Tuesday, November 19, 2013

What If You Could Do ANYTHING?

Brian Wood & Ming Doyle “Mara” (Image, 2013)

Do you remember when Dr. Manhattan meditates on the human condition?  He has realized that he is fundamentally different from humanity, and wonders where to go from there.  That’s the central question of Mara.

At a young age Mara’s parents put her in a development camp, where she has trained to be a volleyball player.  Many years later she’s a star.  It’s the classic case of someone with all the material things, but none of the spiritual.  Her only human relationships are with her brother (deployed overseas in the military) and her teammate and girlfriend.  For all that she has been given; it seems that just as much if not more has been taken away.  

When she suddenly develops superpowers she is ostracized and exploited.  Of course she is going to wonder about how she relates to humanity.  Does she extract vengeance or does she show mercy?

Mara is a story that is perhaps a bit deceptive in its apparent simplicity.  The story and art are clear and straightforward.  But thematically Mara touches on the nature of celebrity, militarism, sports, and ultimately on the value of forgiveness. 

The simplicity allows for a wider range of readers. Mara can be considered as a YA title.  It IS in a sense a coming of age story.   

Saturday, November 16, 2013

I Would Have Gotten Away With It If It Wasn't For You Science Kids!

Eric Stephenson & Nate Bellegarde “Nowhere Men volume 1: Fates Worse Than Death” (Image, 2013)

Remember when science was treated as the cause of some terrifying problem?  In the 1950s that seemed to be a popular trope.  Think of all the giant insects, men turned into flys, etc etc.  All of that was because of unchecked science and a certain amount of hubris.

It seems that we are starting to see a return of that view.  First Manhattan Project and now Nowhere Men; we have scientists whose boldness exceeds their ability to foresee the consequences of their actions.  And consequences that we cannot easily escape.

Nowhere Men gives us a world where seemingly scientists are treated the way that rock stars were back when it meant something to be a rock star.  The obvious comparison is to the Beatles.  There’s the fact that there are four of them.  The suits with skinny ties, the mop tops.  Even the mock fanzine pages included in the text gives the impression that they are teen idols.  Of course there’s the inevitable breakup, although Yoko has not yet revealed herself (in these first six issues).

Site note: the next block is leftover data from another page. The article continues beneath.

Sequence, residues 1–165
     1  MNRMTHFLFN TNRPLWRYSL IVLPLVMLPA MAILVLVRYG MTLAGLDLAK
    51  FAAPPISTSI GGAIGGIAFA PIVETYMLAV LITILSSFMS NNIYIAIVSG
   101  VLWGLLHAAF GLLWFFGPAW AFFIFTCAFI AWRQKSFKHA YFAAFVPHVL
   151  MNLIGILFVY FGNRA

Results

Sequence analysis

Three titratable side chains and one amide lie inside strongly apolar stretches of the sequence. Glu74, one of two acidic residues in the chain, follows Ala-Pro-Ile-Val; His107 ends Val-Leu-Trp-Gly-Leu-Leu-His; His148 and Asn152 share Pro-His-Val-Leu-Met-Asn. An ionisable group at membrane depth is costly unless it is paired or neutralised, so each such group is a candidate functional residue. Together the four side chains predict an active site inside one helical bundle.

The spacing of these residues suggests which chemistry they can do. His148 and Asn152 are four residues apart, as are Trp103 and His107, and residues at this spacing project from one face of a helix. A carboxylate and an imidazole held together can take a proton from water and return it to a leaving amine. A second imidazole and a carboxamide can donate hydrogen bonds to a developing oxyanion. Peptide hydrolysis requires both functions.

Most of these issues seem to be setting up a future story.  We learn about the world and about the World Corp.  But any overall storylines are still in the beginning stages.

Nate Bellegarde’s art is clean and modern.  The intertextual inserts (mock fanzine pages, etc) are clever and provide needed background and world building in a manner that is fun for the reader.  The occasional horrific elements are handled well, showing a range that hopefully will be used more in future issues.  

My only complaint about this first volume is that the story is still too embryonic.  I want to know more.  Oh well, perhaps I’ll just reread this volume.

Tuesday, November 12, 2013

The Best Espionage Story I've Read in Years

Greg Rucka “Queen and Country:  The Definitive Edition Vol. 1” (Oni Press, 2007)

Saying that Queen and Country is a standard spy story is missing the mark.  It’s very much like saying that The Wire is just another cop story.  Sure, the elements are all there – message drops, assassinations, cover stories, handlers, etc etc – but the emphasis is not on the action, but rather the bureaucracy and the people who do the actions.  How does a person commit horrible actions and stay sane?  How do you justify what you’ve done?  That’s one of the central issues in Queen and Country.  

There’s a certain amount of irony that in a genre who best known examples (Bond, Bourne) are superheroes by another name, that a comic book story is perhaps the most “real” story I’ve ever read about spies and their world.  There are no super spies here.  There is no inexplicable technology.  There are just people trying to do what they believe is the best thing for their country.

Rucka makes an interesting choice in that the reader usually doesn’t know if the actions of our protagonists are the “right” thing.  At times even the characters themselves don’t know.  We are intentionally not given any broader context to these actions.  Given the temporal setting of these stories (late 1990s – early millennial) the “bad guys” are Middle Eastern/Islamic terrorists.  Their larger goals and concerns are not developed.  Rather, we are presented with isolated actions.  Will terrorists release sarin gas at the World Cup?  This allows for a certain moral clarity to the story, while subtly acknowledging that the issues are far more complex than can be dealt with in a comic book.  

While this title still has legs – you do see it mentioned occasionally on “best of” lists; Queen and Country does not get the love it clearly deserves.   Rucka has developed a rich world surrounding the covert operatives of the UK, and these stories have earned a much wider audience.